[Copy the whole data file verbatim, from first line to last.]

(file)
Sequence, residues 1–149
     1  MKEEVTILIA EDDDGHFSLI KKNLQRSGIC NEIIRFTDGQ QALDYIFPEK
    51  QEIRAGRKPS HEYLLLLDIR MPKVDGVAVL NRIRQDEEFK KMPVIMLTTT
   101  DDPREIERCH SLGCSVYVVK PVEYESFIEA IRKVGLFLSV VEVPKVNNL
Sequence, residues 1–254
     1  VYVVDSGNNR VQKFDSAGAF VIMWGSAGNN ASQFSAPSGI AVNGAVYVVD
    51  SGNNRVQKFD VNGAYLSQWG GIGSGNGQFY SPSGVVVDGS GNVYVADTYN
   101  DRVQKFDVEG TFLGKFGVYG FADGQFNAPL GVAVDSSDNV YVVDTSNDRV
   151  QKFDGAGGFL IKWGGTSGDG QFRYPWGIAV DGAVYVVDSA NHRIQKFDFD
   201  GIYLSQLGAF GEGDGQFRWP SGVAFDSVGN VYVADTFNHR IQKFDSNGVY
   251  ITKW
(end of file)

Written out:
Sequence, residues 1–149
     1  MKEEVTILIA EDDDGHFSLI KKNLQRSGIC NEIIRFTDGQ QALDYIFPEK
    51  QEIRAGRKPS HEYLLLLDIR MPKVDGVAVL NRIRQDEEFK KMPVIMLTTT
   101  DDPREIERCH SLGCSVYVVK PVEYESFIEA IRKVGLFLSV VEVPKVNNL
Sequence, residues 1–254
     1  VYVVDSGNNR VQKFDSAGAF VIMWGSAGNN ASQFSAPSGI AVNGAVYVVD
    51  SGNNRVQKFD VNGAYLSQWG GIGSGNGQFY SPSGVVVDGS GNVYVADTYN
   101  DRVQKFDVEG TFLGKFGVYG FADGQFNAPL GVAVDSSDNV YVVDTSNDRV
   151  QKFDGAGGFL IKWGGTSGDG QFRYPWGIAV DGAVYVVDSA NHRIQKFDFD
   201  GIYLSQLGAF GEGDGQFRWP SGVAFDSVGN VYVADTFNHR IQKFDSNGVY
   251  ITKW